Every day, government agencies and private businesses are under threat from cyber criminals. While that is nothing new two recent industry reports show the tactics being used to attach them have changed, and technology alone is insufficient to stop the threat.
“Every day millions of records are being stolen. It’s happening right here, right now,” said Ajay Sood, General Manager of FireEye Canada. “You can no longer use technology to meet this level of threat.
FireEye, a security company headquartered in California that provides malware and network-threat protection systems for 4,400 customers in 67 countries (including 100 companies in Canada), released a report this year which showed businesses are swamped with alerts for security breaches — up to 17,000 each week. There’s no system to rank or contextualize these breaches, which can leave major ones overlooked, and it can take up to 100 days to respond to serious breaches. FireEye’s studies show that organizations can only manage to respond to 4 per cent of threat alerts and spend up to US$1.2-million annually responding to inaccurate alerts.
“The result is that you are still grossly exposing yourself to the probability of being breached,” Sood said. “Statistics show us that the time from invasion, reconnaissance, data theft, and exfiltration is approximately seven minutes. Imagine what a criminal can do in 100 or 200 days?”
But the biggest thing businesses and government organizations should be concerned about are how cyber criminals are now targeting them.
Sood said Eastern European criminal groups and the Peoples Liberation Army in China used to target financial computer systems and networks but are shifting their focus to personal attacks in order to build a data footprint.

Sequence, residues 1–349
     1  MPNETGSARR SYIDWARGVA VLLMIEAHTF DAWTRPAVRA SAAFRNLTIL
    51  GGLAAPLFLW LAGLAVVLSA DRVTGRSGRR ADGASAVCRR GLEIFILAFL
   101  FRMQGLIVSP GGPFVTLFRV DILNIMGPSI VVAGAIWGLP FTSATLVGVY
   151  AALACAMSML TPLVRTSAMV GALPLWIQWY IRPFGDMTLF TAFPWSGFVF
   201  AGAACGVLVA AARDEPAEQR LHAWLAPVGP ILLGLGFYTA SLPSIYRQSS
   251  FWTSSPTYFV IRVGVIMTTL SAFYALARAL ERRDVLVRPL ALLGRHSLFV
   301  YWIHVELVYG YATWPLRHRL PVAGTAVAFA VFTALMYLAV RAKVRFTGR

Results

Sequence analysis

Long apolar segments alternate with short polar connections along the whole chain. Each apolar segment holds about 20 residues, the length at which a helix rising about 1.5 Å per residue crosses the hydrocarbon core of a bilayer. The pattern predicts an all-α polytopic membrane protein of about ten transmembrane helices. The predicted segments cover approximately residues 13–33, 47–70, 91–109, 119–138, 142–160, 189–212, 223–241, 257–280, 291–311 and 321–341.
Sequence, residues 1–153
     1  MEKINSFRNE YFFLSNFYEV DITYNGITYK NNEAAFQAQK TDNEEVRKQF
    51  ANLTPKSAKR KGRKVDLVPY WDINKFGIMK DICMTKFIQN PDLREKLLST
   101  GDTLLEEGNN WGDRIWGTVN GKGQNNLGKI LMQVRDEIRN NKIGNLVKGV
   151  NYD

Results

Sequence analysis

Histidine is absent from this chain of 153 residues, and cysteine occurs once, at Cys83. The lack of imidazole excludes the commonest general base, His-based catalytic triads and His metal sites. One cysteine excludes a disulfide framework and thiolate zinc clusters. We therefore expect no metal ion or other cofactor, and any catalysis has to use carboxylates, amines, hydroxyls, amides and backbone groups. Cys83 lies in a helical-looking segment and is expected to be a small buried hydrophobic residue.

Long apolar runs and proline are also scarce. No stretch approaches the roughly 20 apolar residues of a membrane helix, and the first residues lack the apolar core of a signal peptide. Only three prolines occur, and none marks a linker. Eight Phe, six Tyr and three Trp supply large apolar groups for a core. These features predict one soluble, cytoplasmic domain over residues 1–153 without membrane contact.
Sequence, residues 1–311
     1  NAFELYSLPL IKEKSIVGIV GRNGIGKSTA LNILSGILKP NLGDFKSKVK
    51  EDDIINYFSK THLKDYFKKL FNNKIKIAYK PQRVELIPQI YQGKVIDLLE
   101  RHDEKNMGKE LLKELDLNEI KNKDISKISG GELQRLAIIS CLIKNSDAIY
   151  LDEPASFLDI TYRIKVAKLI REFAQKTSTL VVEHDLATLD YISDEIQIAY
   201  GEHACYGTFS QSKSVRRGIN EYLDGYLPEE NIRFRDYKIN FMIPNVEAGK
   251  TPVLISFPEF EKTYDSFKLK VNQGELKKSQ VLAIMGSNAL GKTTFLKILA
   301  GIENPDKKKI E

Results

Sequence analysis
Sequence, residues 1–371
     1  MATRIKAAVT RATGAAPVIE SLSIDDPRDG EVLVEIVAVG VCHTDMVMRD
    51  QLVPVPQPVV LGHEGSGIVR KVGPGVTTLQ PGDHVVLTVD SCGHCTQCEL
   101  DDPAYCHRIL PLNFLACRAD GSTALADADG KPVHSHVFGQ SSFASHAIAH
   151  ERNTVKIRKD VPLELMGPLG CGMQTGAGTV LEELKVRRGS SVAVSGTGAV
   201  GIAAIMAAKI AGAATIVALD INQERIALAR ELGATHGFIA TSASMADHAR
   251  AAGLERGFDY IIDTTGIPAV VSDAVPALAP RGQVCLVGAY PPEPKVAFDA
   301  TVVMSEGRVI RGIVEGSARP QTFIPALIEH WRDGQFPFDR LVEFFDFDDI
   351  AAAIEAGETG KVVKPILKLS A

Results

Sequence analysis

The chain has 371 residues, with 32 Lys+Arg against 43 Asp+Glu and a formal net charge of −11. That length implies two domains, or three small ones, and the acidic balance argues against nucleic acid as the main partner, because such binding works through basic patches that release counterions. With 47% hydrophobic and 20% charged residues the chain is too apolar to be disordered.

“Now it’s about, ‘Let’s own that person. Let’s infiltrate their lives.’ That is the biggest evolution in the last 12 to 14 month that we’ve seen in the area of cybercrime,” he said.
To what end? To leverage an employee’s privilege and exploit what they know about that person as well as who they know, Sood said. They can access an employee’s workspace, gather proprietary data, and track whoever that employee knows. He explained that approximately 50 per cent of networks are breached internally as a result of stolen credentials when employee access is abused or, sometimes, by a disgruntled employee.
For example, by reading an employee’s Google calendar, criminals will know that he or she is attending an important government meeting; they can remotely turn on the phone’s microphone to stream and record the private meeting, Sood said. “Forget about stealing a credit card number. That is basic.
“People tend to think and worry about the photos on their phone but they should be thinking about the people they know and what can be done… to exploit their identity.”
Mega breaches of personal data
Last week, Symantec released a cyber security report detailing nine “mega-breaches” of personal data in 2015, where 429 million personal records were likely exposed or stolen by cyber criminals – including a voter database in the U.S. – but the real number of hacks were unreported because the organizations kept the breach a secret. In fact, the number of companies that refused to report the scope of a data breach soared by 85 per cent last year. According to Symantec, hospitals, healthcare firms and insurance companies suffered the largest number of breaches.